In our upcoming Spring Exhibition, we will be showing new paintings by Neville Cox, a Watchet based artist who is a regular exhibitor at Churchgate Gallery Porlock. We visited Neville in his studio to find out more about his painting process.
For Neville painting has been a lifelong interest, but since retiring from his day job he has been spurred on to dedicate himself to painting full time. Having time to experiment with different subjects and media has allowed him to develop a distinctive style, which continuously evolves and develops.
A striking feature of Neville’s work is the way in which he captures light and colour in an impressionistic way, drawing the viewer in to share his experience of the atmosphere of the landscape. Working outside ‘en plein air’ is vital to Neville’s painting process-
“Working outside immerses you in the environment of the subject of your painting. You hear things, the weather changes, people enter and leave the scene. You can include any of those changes which contribute to a better painting. Extended study of the scene improves your understanding of the tones and colour as well as detail… Photographs are very useful to carry the view back to the studio, but my best work is usually started on site.”
There is no shortage of subject matter for Neville to paint, with the stunning and varied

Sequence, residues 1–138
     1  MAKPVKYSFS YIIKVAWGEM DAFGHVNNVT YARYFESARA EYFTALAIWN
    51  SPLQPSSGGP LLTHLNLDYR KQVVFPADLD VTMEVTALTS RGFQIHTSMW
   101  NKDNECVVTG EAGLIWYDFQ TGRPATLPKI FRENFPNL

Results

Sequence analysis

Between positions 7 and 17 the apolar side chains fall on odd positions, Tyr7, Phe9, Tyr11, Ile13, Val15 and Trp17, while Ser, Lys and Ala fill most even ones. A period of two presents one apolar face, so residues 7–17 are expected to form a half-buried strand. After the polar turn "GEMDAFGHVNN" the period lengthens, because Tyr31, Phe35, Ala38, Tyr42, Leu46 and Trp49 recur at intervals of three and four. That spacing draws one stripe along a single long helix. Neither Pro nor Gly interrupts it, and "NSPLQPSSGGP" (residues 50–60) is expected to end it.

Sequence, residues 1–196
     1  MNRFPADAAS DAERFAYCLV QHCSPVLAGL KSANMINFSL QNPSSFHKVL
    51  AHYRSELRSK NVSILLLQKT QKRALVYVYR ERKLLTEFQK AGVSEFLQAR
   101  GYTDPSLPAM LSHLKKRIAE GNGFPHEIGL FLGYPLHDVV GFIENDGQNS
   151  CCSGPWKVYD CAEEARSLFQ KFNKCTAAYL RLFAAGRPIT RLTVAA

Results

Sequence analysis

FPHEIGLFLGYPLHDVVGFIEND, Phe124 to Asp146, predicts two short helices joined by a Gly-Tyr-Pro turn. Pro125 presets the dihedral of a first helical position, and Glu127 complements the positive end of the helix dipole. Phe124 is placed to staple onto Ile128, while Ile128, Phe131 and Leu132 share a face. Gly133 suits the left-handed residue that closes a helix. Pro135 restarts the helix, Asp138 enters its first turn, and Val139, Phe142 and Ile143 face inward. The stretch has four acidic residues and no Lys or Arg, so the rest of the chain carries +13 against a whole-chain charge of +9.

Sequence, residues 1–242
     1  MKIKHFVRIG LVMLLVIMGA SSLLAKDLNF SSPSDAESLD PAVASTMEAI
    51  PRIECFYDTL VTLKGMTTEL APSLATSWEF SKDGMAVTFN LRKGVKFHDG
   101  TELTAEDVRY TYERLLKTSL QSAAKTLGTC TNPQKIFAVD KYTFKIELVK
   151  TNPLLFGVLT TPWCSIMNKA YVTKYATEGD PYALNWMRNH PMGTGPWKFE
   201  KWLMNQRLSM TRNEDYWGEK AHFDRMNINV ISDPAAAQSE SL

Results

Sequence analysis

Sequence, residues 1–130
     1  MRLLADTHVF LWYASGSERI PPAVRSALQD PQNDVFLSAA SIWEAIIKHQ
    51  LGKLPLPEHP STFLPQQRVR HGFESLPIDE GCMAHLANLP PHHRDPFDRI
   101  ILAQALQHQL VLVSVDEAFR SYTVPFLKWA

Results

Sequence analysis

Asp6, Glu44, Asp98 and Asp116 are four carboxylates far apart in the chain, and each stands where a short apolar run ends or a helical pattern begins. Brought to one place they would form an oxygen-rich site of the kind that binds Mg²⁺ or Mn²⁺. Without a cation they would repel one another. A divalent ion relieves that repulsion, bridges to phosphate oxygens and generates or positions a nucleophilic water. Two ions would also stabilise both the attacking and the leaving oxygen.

landscapes of Somerset and Exmoor right on his
doorstep. However, creating a successful painting comes down to how the scene is interpreted-
“Good composition and often simplification is required to make a good painting.”
“It has the grandeur of the rock pillars plunging down to the sea. Having fine-tuned my painting gear, I can walk up the rocky paths to see and paint staggering views.”
Neville’s work is constantly evolving, with his most recent series of paintings being inspired by Cornwall, and the unique colour and light and coastal villages that can be found there.
“I love harbour scenes and the further west you go the better it gets. The beautiful little coves of Cornwall with a few boats pulled up on the shore, that’s what I love the most.”
“When I look at work that I painted twenty years ago I can see that my style and painting technique hasn’t changed that much over the years. What has changed is my understanding of the painting process, composition and particularly the use of colour. These are the areas where I hope to develop. Other media, such as lino-cut, also interest me and I will be exploring these methods.”
Originally posted March 26th 2016